Phillip Kelm--Palau Brewing Company Manager--
    Worldwide Brewery Installations
    www.GitcheGumeeBreweryServices.com

  5. #5
    Join Date
    Dec 2007
    Location
    Texas
    Posts
    4
    Thanks guys, I was trying to get a little more insight as to what would be involved in doing this. It looks like backing up all of the brewery makes more sense. We are located in Houston so losing power from tropical storms or hurricanes is not beoynd reason. However we are a small start up and its looking like the cost to do this is much greater than the cost of product in all three fermenters. So I'm thinking this makes more sense down the road.

    Thanks,
    Ryan Robertson
    Buffalo Bayou Brewing

  6. #6
    Join Date
    Jan 2003
    Location
    Palau
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    "...all three fermenters..."
    Yeah, I guess with three small fermenters in Houston you probably won't need a generator. Hard to justify it on a very small scale. And if fermenters are your main concern (as opposed to a large brewpub with serving tanks in a walk-in where cooling is crucial), you wouldn't even necessarily harm your beer much with unregulated jackets. Most brewers have had issues with a fermenter not keeping temperature correctly, and the beer is usually not ruined by it. Maybe not absolutely perfect, but acceptable.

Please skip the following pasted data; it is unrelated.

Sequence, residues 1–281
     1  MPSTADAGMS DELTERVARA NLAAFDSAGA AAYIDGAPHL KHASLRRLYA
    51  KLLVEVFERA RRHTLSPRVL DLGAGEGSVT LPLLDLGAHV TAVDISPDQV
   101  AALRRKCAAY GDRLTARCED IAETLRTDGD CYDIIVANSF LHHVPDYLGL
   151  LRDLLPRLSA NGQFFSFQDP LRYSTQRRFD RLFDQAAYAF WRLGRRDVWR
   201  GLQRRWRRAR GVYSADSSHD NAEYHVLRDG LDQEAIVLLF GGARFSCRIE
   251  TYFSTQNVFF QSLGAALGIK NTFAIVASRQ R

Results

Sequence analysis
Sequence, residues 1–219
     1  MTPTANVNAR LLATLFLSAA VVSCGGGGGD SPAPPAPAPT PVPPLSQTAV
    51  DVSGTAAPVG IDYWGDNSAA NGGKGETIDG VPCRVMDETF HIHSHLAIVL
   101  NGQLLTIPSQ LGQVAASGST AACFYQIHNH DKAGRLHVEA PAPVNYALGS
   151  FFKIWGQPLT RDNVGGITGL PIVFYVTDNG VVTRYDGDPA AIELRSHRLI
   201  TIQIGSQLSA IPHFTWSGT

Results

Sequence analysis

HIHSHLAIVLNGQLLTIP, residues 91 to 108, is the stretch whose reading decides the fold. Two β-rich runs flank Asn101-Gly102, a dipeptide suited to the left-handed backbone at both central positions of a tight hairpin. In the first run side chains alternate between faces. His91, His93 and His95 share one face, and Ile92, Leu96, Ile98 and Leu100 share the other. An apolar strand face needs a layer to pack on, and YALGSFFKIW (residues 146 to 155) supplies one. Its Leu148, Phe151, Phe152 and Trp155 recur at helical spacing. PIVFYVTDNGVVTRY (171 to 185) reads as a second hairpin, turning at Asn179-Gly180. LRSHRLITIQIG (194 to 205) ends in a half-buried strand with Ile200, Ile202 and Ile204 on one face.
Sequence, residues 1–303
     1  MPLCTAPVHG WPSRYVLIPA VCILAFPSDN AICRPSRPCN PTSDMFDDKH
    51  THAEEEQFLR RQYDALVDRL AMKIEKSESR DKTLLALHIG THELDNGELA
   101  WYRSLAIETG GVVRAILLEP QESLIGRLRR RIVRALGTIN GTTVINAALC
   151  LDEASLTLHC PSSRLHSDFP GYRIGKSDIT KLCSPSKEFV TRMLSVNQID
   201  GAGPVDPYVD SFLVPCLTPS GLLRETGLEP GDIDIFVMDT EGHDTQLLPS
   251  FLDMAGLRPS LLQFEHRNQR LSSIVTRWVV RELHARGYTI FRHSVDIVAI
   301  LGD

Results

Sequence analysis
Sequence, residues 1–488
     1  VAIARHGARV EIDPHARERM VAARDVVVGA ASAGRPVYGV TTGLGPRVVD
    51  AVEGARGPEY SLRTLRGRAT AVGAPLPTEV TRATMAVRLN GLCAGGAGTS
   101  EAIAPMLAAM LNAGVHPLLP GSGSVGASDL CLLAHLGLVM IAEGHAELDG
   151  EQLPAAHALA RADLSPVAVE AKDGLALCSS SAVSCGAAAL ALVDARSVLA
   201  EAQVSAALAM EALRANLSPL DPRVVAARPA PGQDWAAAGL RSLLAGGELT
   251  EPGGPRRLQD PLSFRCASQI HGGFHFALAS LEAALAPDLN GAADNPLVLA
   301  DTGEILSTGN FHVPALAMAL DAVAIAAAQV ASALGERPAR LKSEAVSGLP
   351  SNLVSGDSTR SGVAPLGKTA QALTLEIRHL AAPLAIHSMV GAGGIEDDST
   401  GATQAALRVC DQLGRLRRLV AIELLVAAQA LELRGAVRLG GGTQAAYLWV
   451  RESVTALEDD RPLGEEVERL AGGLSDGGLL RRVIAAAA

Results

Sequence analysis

Phillip Kelm--Palau Brewing Company Manager--
    Worldwide Brewery Installations
    www.GitcheGumeeBreweryServices.com

  7. #7
    Join Date
    Jan 2009
    Location
    Florence, Oregon, USA
    Posts
    350
    What is the size of your chiller and what do you estimate the load would be for the entire facility? Is your chiller a single phase or three phase 240VAC unit?

    Here is a good guide for selecting the size of a generator http://www.dieselserviceandsupply.co...Generator.aspx

    There are standby generator sets here:

    http://www.generac.com/
    http://www.wincogenerator.com/catalo...tural_Gas.html
    http://www.kohlerpower.com/industria...61&filter_1=60 Hz
    http://www.apelectric.com/Kohler-Gen...FUwZQgodPjsNfg
    http://www.everygenerator.com/filter...229~17963.html

    I would rather have a diesel or natural gas genset over propane because the tank or fuel source is underground away from the potential for wind damage. If your natural gas service is an iron ball, go with that. It is clean burning and will result in increased longevity of the engine driving your generator. You can browse on natural gas standby generators to find what you are interested in and prices.

    Hope this helps...
    Last edited by Scott M; 09-24-2011 at 11:50 AM.
    Scott Maurer
    Brewer, making the best beer I can
    Just Off North Jetty Road, (in my Barn)
    Florence, Oregon